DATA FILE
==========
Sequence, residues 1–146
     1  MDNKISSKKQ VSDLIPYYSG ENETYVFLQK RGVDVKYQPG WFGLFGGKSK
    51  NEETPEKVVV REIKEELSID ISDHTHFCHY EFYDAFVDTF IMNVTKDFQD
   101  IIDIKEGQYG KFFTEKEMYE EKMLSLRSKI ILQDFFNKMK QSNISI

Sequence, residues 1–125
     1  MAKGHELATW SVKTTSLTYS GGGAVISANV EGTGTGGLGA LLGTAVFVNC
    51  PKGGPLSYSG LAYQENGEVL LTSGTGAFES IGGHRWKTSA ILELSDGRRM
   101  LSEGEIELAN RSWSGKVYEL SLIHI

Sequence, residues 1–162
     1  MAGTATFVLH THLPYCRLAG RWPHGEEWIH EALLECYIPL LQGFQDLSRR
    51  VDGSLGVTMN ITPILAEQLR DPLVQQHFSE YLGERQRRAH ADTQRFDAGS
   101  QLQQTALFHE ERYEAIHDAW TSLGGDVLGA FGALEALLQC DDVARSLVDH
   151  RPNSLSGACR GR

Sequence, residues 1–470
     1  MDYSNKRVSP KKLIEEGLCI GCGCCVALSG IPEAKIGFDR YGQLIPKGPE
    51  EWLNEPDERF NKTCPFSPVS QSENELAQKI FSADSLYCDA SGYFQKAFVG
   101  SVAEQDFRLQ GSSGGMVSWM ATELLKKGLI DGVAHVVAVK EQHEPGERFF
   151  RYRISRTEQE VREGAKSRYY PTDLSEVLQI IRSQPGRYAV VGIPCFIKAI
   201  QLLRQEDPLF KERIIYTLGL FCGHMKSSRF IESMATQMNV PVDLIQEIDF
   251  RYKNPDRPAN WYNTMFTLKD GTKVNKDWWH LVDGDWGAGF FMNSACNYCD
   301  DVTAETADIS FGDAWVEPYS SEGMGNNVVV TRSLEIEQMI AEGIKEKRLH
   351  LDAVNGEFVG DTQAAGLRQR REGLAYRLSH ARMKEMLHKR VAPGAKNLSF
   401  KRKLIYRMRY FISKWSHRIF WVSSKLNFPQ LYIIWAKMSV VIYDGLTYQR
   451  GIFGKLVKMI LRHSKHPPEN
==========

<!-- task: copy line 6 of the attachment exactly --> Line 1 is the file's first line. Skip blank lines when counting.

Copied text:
     1  MAKGHELATW SVKTTSLTYS GGGAVISANV EGTGTGGLGA LLGTAVFVNC